Sunday, May 26, 2019
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Wild Flowers

It's that time of year again for my annual wild-tulip-in-flower hunt. A very hit and miss affair. Heading over the San Glorio pass we stopped at a favourite small meadow to check out what, if anything after such a hard winter, was flowering.

Elder-flowered orchids were a nice surprise.

Elder-flowered orchid, Dactylorhiza sambucina

 

 

 

 

 


Spring gentians were expected.

Spring gentians, Gentiana verna

 

 

 

 

 

And a fresh Early purple orchid.

Early purple orchid, Orchis mascula

 

 

 

 

 

Between the San Glorio and Posada de Valdeón we got all four wild Narcissi species: the mini asturiensis, bulbocodium, triandrus and larger pseudonarcissus.

 

Narcissus asturiensis

 

 

 

 

 

 

Narcissus bulbocodium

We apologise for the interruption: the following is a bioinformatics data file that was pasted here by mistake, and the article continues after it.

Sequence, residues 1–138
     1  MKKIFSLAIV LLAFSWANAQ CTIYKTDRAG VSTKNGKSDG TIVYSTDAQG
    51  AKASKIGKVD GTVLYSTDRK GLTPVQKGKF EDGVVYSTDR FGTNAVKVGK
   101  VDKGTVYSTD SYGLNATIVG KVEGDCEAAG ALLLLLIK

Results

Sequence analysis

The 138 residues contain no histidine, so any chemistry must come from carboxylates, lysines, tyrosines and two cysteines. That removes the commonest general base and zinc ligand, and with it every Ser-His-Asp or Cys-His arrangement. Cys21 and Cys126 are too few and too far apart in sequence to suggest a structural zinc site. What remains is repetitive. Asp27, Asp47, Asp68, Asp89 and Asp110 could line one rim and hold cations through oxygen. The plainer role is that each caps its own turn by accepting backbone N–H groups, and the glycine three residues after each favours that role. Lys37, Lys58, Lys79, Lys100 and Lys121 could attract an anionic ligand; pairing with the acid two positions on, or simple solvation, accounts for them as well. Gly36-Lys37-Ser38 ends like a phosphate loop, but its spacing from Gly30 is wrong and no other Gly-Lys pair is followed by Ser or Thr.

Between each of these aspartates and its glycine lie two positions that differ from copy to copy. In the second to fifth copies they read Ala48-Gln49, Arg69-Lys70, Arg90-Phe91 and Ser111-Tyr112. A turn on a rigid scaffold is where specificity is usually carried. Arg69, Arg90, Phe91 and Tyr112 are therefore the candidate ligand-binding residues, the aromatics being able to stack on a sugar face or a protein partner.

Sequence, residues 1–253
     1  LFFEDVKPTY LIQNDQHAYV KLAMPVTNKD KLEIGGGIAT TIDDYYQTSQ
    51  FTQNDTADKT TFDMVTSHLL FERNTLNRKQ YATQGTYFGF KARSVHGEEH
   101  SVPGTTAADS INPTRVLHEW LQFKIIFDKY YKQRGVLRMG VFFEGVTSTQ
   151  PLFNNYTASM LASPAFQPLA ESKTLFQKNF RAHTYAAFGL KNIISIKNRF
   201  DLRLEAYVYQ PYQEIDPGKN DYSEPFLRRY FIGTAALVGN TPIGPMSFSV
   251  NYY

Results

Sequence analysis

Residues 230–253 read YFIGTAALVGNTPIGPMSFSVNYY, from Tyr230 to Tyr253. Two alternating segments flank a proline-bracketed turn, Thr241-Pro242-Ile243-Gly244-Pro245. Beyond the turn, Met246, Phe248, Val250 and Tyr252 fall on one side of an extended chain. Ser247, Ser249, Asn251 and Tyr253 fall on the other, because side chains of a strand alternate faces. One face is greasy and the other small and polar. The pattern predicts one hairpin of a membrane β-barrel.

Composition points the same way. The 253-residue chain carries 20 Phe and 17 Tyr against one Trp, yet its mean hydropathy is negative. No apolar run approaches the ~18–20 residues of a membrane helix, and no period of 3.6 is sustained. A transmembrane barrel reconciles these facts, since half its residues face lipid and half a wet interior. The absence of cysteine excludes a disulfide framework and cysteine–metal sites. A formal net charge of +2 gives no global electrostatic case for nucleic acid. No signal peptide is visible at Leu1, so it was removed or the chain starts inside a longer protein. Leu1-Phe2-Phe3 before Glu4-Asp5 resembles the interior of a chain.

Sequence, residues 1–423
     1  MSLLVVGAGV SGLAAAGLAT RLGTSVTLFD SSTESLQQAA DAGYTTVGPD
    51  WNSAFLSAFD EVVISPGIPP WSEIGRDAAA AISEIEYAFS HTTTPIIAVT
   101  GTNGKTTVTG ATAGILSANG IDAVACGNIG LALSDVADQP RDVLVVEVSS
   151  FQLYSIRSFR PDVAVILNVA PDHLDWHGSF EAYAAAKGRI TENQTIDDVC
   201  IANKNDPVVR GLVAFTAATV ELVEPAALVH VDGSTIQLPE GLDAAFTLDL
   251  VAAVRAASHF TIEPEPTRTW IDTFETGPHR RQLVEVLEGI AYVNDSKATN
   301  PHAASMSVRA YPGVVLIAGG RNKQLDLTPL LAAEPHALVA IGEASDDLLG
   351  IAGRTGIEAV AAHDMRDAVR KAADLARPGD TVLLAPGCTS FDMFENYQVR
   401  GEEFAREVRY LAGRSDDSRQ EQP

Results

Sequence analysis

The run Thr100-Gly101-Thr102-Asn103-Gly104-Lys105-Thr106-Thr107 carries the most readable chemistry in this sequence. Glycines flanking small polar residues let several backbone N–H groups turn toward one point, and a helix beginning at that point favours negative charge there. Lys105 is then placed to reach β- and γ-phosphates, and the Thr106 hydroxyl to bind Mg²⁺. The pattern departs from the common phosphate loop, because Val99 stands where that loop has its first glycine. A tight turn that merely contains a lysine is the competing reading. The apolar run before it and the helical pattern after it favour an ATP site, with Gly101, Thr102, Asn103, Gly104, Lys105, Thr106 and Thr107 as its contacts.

Narcissus triandrus

 

 

 

 

 

 

Narcissus pseudonarcissus

 

 

 

 

Arriving at the wild tulip field we found loads of what I am now going to call Dog's tooth lilies, not violets! The Irishman I was out with was adamant these flowers weren't Dog's tooth violets and I was sure they were. He pointed me to Irish wildflowers for what he knew as dog violet so we agreed that from now on Erythronium dens-canis will be Dog's tooth lilies. Why a member of the lily family would be called a violet I don't know.

Erythronium dens-canis, Dog's tooth lily

 

 

 

 

 

Alpine pasque flowers were blooming........

Alpine pasque flowers, Pulsatilla alpina

 

 

 

 

 

but, sadly, Wild tulips were not. Even though I'd timed the visit for a couple of weeks later than usual to allow for the late spring, only a few tulips were in bud. A good excuse to go back!

Wild tulip, Tulipa sylvestris australis bud

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